Source: NOAA Fisheries and the National Fish Habitat Board
This report is the result of a nationwide assessment of human effects on fish habitat in the rivers and estuaries of the United States, developed by the public/private partnership of the National Fish Habitat Action Plan.

We examine not only the threats to rivers, estuaries, and other aquatic habitats, but also the major sources of these threats, including pollution; urban development; agriculture; barriers to migration; and climate change. Some of the successful, ongoing efforts to address these threats to habitat are also featured within its pages.

This report provides an important picture of the challenges and opportunities facing fish and those engaged in fish habitat protection and restoration efforts. It also illustrates the need for strategic use of limited resources though partnerships—such as the Fish Habitat Partnerships established under the National Fish Habitat Action Plan—to identify the most effective use of funds and help the nation as a whole make progress in fish habitat conservation.

+ Full Report (PDF)

New From the GAO

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New GAO Reports and Correspondence
Source: Government Accountability Office
29 April 2011


1. Private Pensions: Some Key Features Lead to an Uneven Distribution of Benefits. GAO-11-333, March 30.  Highlights

2. VA Health Care: Need for More Transparency in New Resource Allocation Process and for Written Policies on Monitoring Resources. GAO-11-426, April 29.  Highlights


1. Management Report: Opportunities for Improvement in the Federal Housing Finance Agency’s Internal Controls and Accounting Procedures. GAO-11-398R, April 29.

Just Released — Digest of Education Statistics, 2010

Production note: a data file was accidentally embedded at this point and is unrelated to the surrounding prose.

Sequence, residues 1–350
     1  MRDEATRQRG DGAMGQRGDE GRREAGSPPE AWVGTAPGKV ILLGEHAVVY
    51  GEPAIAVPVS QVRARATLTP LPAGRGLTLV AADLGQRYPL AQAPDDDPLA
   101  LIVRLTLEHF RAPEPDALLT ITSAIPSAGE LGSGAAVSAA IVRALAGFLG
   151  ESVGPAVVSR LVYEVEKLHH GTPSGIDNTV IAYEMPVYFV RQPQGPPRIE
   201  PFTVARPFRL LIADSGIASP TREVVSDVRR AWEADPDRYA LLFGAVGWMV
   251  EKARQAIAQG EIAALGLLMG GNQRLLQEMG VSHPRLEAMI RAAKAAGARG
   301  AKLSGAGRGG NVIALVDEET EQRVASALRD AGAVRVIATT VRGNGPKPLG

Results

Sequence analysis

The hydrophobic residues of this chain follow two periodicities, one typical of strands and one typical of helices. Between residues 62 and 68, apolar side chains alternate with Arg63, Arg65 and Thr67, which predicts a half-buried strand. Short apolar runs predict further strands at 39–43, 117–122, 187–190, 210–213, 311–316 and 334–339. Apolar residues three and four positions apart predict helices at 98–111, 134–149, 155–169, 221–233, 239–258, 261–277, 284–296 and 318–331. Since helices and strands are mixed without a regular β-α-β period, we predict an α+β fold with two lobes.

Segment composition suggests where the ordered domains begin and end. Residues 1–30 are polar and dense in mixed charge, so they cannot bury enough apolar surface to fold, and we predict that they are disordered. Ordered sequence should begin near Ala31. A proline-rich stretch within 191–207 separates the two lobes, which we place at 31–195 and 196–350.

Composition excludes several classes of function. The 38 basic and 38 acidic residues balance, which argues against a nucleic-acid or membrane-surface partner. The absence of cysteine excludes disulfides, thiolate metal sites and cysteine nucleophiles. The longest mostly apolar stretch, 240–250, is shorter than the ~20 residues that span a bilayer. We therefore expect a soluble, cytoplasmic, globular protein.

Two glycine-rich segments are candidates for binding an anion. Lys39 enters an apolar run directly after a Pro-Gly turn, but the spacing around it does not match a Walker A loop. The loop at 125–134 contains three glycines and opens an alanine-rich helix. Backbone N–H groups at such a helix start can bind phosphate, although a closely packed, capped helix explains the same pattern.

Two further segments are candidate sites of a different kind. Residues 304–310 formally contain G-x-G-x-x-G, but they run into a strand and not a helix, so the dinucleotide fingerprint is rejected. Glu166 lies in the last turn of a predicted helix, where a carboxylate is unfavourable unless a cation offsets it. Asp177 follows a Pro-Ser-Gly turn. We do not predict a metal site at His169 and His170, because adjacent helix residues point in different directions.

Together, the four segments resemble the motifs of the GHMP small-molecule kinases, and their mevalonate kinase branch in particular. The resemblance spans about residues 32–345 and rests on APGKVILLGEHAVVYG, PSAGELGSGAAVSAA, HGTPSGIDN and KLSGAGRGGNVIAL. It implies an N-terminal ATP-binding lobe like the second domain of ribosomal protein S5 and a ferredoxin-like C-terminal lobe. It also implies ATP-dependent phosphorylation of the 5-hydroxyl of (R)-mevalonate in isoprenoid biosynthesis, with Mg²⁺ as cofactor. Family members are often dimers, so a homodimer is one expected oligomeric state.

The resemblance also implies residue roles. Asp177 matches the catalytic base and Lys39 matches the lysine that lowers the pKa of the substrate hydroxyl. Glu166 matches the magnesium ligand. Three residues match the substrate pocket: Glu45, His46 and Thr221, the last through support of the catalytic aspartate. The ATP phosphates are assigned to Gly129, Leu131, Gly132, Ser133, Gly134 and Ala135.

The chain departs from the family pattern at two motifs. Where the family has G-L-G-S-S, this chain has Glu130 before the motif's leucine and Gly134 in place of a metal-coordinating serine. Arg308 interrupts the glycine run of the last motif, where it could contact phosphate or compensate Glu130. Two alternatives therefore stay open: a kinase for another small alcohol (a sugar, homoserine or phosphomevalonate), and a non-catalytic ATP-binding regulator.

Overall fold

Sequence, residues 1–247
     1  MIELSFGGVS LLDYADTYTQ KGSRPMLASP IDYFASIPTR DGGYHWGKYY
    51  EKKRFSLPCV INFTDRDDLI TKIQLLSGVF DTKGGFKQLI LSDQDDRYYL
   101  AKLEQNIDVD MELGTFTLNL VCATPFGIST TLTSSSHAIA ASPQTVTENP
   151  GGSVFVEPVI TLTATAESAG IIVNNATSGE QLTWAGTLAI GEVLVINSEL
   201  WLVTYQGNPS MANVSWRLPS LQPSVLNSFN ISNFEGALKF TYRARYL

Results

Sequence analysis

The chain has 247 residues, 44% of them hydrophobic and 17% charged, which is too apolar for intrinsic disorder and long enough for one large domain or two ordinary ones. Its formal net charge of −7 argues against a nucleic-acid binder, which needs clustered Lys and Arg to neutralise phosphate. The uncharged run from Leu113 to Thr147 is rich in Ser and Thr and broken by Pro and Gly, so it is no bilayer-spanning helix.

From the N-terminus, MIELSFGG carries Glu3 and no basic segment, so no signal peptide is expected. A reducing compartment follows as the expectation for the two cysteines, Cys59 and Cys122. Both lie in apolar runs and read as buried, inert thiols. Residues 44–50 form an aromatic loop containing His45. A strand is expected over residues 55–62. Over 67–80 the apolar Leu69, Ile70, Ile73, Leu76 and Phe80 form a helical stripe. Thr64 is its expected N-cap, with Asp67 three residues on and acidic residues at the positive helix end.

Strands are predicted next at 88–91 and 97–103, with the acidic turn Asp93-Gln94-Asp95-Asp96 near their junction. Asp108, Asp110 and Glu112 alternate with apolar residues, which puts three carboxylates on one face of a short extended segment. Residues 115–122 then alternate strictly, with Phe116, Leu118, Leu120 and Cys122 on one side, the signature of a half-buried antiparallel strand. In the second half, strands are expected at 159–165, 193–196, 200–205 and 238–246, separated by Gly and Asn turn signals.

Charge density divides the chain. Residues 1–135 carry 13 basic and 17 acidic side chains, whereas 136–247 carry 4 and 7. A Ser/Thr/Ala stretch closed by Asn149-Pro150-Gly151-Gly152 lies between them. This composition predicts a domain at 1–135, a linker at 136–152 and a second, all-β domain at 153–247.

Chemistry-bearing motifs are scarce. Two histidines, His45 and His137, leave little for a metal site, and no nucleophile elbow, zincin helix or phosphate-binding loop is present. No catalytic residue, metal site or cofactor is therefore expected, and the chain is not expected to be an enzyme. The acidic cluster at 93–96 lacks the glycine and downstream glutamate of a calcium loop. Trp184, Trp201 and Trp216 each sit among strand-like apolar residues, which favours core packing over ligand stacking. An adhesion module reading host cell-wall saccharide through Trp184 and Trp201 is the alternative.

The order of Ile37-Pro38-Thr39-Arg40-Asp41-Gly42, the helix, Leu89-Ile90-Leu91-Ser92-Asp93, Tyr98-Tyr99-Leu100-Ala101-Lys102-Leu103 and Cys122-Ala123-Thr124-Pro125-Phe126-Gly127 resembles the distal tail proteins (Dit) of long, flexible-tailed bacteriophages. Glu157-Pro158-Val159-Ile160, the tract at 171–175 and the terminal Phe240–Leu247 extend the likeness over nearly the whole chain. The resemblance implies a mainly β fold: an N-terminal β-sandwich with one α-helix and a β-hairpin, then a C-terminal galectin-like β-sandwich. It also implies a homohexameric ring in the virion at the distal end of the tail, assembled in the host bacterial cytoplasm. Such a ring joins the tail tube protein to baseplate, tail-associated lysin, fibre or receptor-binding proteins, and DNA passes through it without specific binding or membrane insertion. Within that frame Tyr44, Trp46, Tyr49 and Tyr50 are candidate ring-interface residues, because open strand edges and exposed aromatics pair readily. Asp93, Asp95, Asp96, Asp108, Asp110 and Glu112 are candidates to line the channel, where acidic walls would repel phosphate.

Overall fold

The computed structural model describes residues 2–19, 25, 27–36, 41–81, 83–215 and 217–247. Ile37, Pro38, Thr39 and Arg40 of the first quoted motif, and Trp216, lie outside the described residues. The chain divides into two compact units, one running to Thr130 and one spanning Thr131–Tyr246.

April 29, 2011 Comments off

Digest of Education Statistics, 2010
Source: National Center for Education Statistics

The 46th in a series of publications initiated in 1962, the Digest’s primary purpose is to provide a compilation of statistical information covering the broad field of American education from prekindergarten through graduate school. The Digest contains data on a variety of topics, including the number of schools and colleges, teachers, enrollments, and graduates, in addition to educational attainment, finances, and federal funds for education, libraries, and international comparisons.

See also: Mini-Digest of Education Statistics, 2010

This publication is a pocket-sized compilation of statistical information covering the broad field of American education from kindergarten through graduate school. The statistical highlights are excerpts from the Digest of Education of Statistics, 2010.

Improving Effective Surgical Delivery in Humanitarian Disasters: Lessons from Haiti

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Improving Effective Surgical Delivery in Humanitarian Disasters: Lessons from Haiti
Source: PLoS Medicine